With this impersonal way of communication, it leaves much to be desired for the workers to believe that the company actually cares about their overall well-being. To the CEO's and managers of these franchise companies, they do not see their workers as actually human beings/individuals, they see them as expendable entities that if they are not helping the company with their monetary gain or accretion, that they can easily replace those workers who are not helpful, and hire new workers that will. When those companies are gaining profit, most of it goes to the CEOs, leaving the workers frustrated, depressed, and usually poor because of their low wages and hard working environments. Most big companies only care about branching out, becoming more famous, and of course, becoming wealthier.

This sort of mentality has bled into mainstream culture. We have billions upon billions of fast food chains for those who do not have time to cook, and want something quick, easy, and know you will always get the same product every time. We live in a world where we expect everything to be consistent and reliable. We are always looking for something grander, trying to beat out others, to gain status and power, and taking down anyone along the way. The flaw of this type of mentality in everyday social interaction (personal and professional) with each other, is that we as a society have become stripped of any feeling or empathy, which is a pertinent characteristic of what makes us individuals, what makes us human beings. We have become a society that mainly thinks about themselves, and not really care or are aware of the well being of others. We are so submersed in our own selfish needs, that we often forget that there is world with people and living things that surrounds us.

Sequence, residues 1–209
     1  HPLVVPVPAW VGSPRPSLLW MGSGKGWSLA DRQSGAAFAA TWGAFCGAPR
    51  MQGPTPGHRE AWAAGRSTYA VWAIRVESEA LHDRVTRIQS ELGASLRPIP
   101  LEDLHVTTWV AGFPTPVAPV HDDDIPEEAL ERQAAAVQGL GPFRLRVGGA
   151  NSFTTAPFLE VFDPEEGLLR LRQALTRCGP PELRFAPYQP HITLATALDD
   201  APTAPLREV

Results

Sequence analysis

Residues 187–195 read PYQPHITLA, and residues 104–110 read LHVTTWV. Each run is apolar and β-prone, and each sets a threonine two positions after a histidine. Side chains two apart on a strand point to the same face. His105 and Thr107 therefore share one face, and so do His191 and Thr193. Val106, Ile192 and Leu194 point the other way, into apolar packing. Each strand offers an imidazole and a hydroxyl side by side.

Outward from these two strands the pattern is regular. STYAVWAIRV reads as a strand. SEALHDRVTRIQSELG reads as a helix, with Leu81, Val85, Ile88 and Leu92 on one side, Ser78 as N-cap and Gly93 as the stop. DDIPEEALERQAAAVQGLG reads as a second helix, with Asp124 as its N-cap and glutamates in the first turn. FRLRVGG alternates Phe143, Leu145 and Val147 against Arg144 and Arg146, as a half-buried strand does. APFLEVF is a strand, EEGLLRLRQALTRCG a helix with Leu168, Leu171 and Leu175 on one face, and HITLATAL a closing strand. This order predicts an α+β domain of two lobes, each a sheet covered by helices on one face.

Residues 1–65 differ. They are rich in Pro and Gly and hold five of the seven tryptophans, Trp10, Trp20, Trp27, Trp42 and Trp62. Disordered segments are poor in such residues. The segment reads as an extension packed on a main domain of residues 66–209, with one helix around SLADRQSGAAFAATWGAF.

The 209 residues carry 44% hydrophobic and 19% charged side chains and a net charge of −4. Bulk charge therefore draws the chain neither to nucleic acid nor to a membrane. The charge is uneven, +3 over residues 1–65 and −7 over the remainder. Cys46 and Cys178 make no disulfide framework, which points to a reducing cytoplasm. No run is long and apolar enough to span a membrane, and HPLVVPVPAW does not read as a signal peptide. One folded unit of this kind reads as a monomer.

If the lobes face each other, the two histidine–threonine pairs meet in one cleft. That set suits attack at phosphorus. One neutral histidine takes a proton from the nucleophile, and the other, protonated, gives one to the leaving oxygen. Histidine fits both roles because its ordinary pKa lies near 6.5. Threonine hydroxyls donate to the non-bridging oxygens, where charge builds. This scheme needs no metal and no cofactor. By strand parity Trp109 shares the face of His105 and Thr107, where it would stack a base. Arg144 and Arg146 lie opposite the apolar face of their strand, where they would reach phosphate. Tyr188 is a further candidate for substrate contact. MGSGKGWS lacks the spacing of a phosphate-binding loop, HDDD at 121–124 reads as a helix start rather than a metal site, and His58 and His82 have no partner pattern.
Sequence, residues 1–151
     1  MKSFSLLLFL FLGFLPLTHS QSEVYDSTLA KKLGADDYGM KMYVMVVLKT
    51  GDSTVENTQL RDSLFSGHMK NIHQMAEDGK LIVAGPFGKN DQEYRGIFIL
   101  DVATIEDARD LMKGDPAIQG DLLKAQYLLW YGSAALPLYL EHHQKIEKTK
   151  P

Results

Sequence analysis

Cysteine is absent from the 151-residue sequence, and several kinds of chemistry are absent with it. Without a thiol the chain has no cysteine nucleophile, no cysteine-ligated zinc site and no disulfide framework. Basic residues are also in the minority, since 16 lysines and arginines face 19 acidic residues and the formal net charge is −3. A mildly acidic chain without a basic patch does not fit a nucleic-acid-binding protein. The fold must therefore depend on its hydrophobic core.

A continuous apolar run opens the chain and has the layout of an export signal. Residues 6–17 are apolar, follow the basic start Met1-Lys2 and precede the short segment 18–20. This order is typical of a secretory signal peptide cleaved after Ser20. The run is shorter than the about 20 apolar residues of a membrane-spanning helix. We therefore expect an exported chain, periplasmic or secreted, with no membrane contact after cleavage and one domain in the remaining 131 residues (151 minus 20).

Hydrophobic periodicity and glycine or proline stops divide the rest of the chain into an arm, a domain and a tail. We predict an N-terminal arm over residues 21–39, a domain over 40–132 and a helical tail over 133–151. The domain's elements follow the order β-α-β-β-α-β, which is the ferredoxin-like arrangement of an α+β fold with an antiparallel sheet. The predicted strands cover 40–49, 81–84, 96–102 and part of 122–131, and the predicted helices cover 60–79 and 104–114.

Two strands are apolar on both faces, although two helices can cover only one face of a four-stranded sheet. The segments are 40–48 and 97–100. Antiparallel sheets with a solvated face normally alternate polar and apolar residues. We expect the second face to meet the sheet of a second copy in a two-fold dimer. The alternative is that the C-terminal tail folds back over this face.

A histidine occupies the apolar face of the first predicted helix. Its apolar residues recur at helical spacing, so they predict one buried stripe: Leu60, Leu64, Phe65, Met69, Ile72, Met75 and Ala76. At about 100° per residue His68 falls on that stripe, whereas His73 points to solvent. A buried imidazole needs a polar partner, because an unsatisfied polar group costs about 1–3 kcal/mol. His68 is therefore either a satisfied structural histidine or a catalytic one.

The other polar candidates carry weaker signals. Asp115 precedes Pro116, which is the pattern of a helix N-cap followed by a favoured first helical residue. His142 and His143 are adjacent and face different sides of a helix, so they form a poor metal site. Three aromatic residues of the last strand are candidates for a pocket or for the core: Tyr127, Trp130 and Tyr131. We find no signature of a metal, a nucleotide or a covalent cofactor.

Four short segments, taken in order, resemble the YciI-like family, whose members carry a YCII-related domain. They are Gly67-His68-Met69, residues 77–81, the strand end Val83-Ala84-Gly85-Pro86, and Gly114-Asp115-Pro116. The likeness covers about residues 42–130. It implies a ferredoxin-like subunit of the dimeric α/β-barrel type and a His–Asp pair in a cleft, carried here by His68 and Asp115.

An example of a type of bureaucracy is chain supermarkets or stores. When you go into a huge store chain such as Walmart or WinCo foods, you walk in, and immediately upon putting one foot into the store; you get this sort of impersonal vibe that inundates you the whole time you are there. You immediately sense the lack of diversity, and this overwhelming feeling that you are a small ant wandering through this huge dirt hill. I get the same feeling inside me whenever I walk through a Walmart or WinCo food, which is why I avoid shopping at these particular places all together. As soon as you walk into a Walmart, you notice a similarity in everything around you. All the isles in the store look alike with the same products stocked in the shelves, and all of the employees are dressed the same with their blue vests. After a couple minutes of being in the store, you start to have a hard time distinguishing between the different employees because they all start to blend together and look the same. A quote that is referenced in the article, "Eleven Inherent Rules of Corporate Behaviors" by Jerry Mander by the president of Nabisco Corporation:

"One world of homogenous consumption... [I am] looking forward to the day when Arabs and Americans, Latinos and Scandinavians, will be munching on Ritz crackers as enthusiastically as they already drink Coke or brush their teeth with Colgate" (Mander, P.4).